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Fees and procedures make UAE IPOs more complex 

Traders at Dubai Financial Market - UAE businesses listing an IPO at DFM must have Securities and Commodities Authority approval Alamy via Reuters
Traders at Dubai Financial Market – UAE businesses listing an IPO at DFM must have Securities and Commodities Authority approval
  • Process takes up to a year
  • One-off plus ongoing fees
  • Time cost also demanding

UAE companies seeking to go public must undertake complex and often costly procedures to complete an initial public offering, although fees remain reasonable by international standards because of competition among advisers, according to experts.

This decade, Abu Dhabi and Dubai have part-privatised many government-owned companies, sparking an IPO flurry that runs counter to slowdowns in other regions.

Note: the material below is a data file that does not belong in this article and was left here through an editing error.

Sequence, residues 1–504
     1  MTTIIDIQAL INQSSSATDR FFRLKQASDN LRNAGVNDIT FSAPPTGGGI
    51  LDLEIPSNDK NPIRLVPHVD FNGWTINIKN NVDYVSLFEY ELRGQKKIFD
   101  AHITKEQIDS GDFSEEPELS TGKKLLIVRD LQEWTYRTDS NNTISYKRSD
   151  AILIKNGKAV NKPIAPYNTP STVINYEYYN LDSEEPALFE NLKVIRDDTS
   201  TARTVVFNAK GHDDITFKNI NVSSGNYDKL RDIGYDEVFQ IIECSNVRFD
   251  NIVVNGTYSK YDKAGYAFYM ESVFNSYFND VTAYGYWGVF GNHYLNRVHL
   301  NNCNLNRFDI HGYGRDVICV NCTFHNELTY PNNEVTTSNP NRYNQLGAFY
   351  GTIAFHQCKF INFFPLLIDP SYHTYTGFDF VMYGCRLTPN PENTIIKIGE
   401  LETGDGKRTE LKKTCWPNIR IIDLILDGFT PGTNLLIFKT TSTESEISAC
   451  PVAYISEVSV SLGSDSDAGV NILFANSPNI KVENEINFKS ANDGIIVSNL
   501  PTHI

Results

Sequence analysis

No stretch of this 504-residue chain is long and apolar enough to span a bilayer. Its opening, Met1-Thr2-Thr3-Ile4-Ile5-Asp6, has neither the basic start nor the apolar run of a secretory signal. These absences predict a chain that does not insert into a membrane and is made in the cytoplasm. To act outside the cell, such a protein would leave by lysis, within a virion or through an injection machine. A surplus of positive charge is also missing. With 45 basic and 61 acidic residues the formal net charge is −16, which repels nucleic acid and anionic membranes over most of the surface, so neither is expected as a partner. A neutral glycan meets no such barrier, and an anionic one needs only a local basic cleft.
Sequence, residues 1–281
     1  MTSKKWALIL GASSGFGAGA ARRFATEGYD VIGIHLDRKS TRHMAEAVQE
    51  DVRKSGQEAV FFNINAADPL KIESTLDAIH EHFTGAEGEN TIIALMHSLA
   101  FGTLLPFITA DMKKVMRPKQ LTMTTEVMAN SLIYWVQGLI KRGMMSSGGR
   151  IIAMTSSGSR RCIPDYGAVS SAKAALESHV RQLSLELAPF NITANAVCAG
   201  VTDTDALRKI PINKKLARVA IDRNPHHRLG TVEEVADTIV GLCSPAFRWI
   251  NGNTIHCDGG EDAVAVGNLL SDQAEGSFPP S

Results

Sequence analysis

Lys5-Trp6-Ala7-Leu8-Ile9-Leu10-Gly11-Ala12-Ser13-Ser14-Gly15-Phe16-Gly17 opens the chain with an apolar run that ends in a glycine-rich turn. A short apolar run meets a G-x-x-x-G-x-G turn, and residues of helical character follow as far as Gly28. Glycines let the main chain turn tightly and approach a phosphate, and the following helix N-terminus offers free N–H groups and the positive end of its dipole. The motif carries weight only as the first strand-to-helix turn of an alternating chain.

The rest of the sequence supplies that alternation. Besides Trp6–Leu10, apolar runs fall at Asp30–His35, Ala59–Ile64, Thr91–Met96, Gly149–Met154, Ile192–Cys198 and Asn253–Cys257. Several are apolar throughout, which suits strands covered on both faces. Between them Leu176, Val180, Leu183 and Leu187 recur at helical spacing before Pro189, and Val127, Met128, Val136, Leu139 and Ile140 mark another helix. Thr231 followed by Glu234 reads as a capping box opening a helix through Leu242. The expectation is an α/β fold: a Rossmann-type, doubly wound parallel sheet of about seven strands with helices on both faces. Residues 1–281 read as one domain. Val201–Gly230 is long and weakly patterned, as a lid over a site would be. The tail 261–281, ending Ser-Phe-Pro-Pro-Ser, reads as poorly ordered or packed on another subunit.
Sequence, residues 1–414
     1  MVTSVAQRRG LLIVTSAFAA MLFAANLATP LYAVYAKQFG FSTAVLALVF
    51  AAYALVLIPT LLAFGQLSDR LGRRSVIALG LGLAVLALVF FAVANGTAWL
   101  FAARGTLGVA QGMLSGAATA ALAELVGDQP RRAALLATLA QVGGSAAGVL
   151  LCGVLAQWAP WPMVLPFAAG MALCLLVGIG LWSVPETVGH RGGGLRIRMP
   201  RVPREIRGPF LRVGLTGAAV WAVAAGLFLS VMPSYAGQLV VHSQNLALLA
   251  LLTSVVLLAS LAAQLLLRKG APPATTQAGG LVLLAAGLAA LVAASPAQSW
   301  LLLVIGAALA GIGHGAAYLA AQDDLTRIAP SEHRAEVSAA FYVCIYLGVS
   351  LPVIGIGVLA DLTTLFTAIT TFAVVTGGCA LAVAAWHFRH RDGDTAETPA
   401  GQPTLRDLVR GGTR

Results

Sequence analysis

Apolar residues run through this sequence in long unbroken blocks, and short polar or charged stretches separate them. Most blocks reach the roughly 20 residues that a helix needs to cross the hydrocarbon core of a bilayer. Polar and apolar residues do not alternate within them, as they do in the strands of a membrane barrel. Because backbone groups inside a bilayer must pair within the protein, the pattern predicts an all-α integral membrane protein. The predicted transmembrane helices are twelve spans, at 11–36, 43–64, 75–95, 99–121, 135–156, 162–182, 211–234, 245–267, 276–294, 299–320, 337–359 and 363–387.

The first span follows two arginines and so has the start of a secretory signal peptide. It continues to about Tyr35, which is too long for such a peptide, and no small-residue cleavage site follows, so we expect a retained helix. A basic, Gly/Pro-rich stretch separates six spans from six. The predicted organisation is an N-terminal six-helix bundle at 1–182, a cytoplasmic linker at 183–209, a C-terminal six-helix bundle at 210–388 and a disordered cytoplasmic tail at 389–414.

Some wholly independent UAE companies such as Spinneys, a popular supermarket chain, and Al Ansari Financial Services have also completed flotations.

These listings have eased the dominance of banks and real estate companies on the bourses of Dubai and Abu Dhabi, providing greater diversification opportunities for investors and making the exchanges more representative of the UAE economy.

“An IPO will be one of the biggest corporate events in the life history of any company, so it tends to be a long process,” said Andrew Tarbuck, partner and head of capital markets at Al Tamimi & Co, a Dubai law firm.

Tarbuck estimated the process takes six to 12 months depending on a company’s circumstances.

“If you’re a company that has been extremely well run for years, follows International Financial Reporting Standards accounting rules, then you’re looking at a six-month timeframe and your costs will be lower,” he said.

“Whereas in a highly complex big transaction or a company that’s less prepared it’ll be a minimum of 12 months, with all the advisors working for that extra time.”

Andrew Tarbuck, partner and head of capital markets at Dubai law firm Al Tamimi & CoTamimi & Co
Andrew Tarbuck, partner and head of capital markets at Dubai law firm Al Tamimi & Co

Spinneys, which spent about AED 10 million ($2.7 million) on its IPO according to a company presentation, took about 10 months to complete the process, Sunil Kumar, the supermarket’s chief executive, told AGBI.